Philippines: Electoral Innovation

1999

Dr Ron May

Following the Philippines' 'People Power Revolution' in 1986, many political commentators predicted a return to the essentially US-style two party system which had dominated Philippines politics in the years before the Marcos dictatorship. Filipinos, however, had become deeply cynical about 'traditional' party politics and traditional politicians ('trapos') and during the drafting of a new constitution in 1986-87 there was little evidence of desire to return to the pre-Marcos pattern of two-party dominated politics.

One reflection of this was the inclusion in the new constitution of a 'party-list' provision in the electoral arrangements for the bicameral legislature. Of the 'not more than 250 members' of the lower house, 20 per cent were to be elected 'through a party-list system of registered national, regional, and sectoral parties or organisations'. For the first three terms of the new Congress, however, half of these seats were to be filled, by selection or election, 'from labor, peasant, urban poor, indigenous cultural communities, women, youth, and such other sectors as may be prescribed by law, except the religious sector'.

In fact, in the early post-1986 congresses, sectoral representatives were part-nominated and part-appointed through a complex process; sectoral representatives often held multi-sectoral briefs and the full 20 per cent complement was not filled. Moreover, when in Congress, the sectoral representatives tended to behave like regular constituency politicians. The 'synchronised' (presidential, congressional, local) elections of May 1998 were the first to implement the party-list provisions, which were spelt out in the Party-List System Act (RA 7941). Under RA 7941 each group which obtains 2 per cent of the total party-list vote gets a seat; a further 2 per cent gains an additional seat, to a maximum of three.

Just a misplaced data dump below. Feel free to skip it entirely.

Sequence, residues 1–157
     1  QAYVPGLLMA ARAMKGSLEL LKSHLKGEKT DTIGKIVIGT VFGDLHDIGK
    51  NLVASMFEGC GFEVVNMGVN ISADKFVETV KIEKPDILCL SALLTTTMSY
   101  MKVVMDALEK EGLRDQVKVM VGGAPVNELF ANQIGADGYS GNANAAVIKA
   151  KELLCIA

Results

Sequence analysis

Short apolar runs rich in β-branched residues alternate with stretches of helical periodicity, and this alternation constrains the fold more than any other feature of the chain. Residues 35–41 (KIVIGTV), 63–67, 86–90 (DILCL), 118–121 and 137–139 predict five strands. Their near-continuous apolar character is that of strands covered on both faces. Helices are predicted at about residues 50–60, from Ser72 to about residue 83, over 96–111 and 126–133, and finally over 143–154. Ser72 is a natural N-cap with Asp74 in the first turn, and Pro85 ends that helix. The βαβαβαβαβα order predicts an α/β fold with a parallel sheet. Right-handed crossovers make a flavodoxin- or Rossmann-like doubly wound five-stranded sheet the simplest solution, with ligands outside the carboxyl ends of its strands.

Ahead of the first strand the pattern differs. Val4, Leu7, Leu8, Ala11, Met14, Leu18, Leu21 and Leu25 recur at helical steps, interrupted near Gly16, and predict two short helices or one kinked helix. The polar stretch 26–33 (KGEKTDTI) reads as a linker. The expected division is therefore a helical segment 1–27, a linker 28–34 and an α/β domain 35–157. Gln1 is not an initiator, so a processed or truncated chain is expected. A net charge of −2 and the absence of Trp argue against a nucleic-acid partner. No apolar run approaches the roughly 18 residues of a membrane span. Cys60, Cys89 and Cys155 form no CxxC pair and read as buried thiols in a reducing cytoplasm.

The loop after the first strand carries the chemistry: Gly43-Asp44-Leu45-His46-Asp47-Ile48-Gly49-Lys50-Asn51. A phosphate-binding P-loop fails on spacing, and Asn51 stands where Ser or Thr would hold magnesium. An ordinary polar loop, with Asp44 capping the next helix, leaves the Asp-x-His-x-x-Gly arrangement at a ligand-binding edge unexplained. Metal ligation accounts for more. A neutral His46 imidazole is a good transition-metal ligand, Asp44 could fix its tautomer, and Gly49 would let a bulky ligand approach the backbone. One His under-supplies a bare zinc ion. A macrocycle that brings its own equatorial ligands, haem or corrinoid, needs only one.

In 1998, 122 groups contested the party-list election, for 52 seats. But due to poor understanding of the system, only thirteen groups gained the necessary 2 per cent, one group gaining 4 per cent and thus two seats. The thirteen groups embrace four sectors: urban poor, women, peasants and veterans.

Embarrassed by the poor showing, the Commission on Elections subsequently decided to fill the vacant 38 seats by appointing representatives from the groups placing 14th to 52nd in the poll, 'allowing certain rooms (sic) for novelty and the more lofty goals of broad representation'. Among those gaining from these arrangements were Joseph Victor Ejercito, son of President Estrada and chair of the youth arm of his father's Kabataan ng Masang Pilipino (KAMPIL) party. However, a petition from the fourteen successful party-list candidates - who saw 'grave and irreparable damage' to their rights as winning candidates - succeeded in having the Supreme Court issue a temporary restraining order against proclaiming the '38 losers'. In the midst of this controversy, Ejercito announced in January 1999 that, so as not to leave his father open to accusations of political intrigue, he would not take up the offered seat.

WATCHPOINT: The Philippines' experiment with a party-list electoral system remains experimental, and controversial.

 

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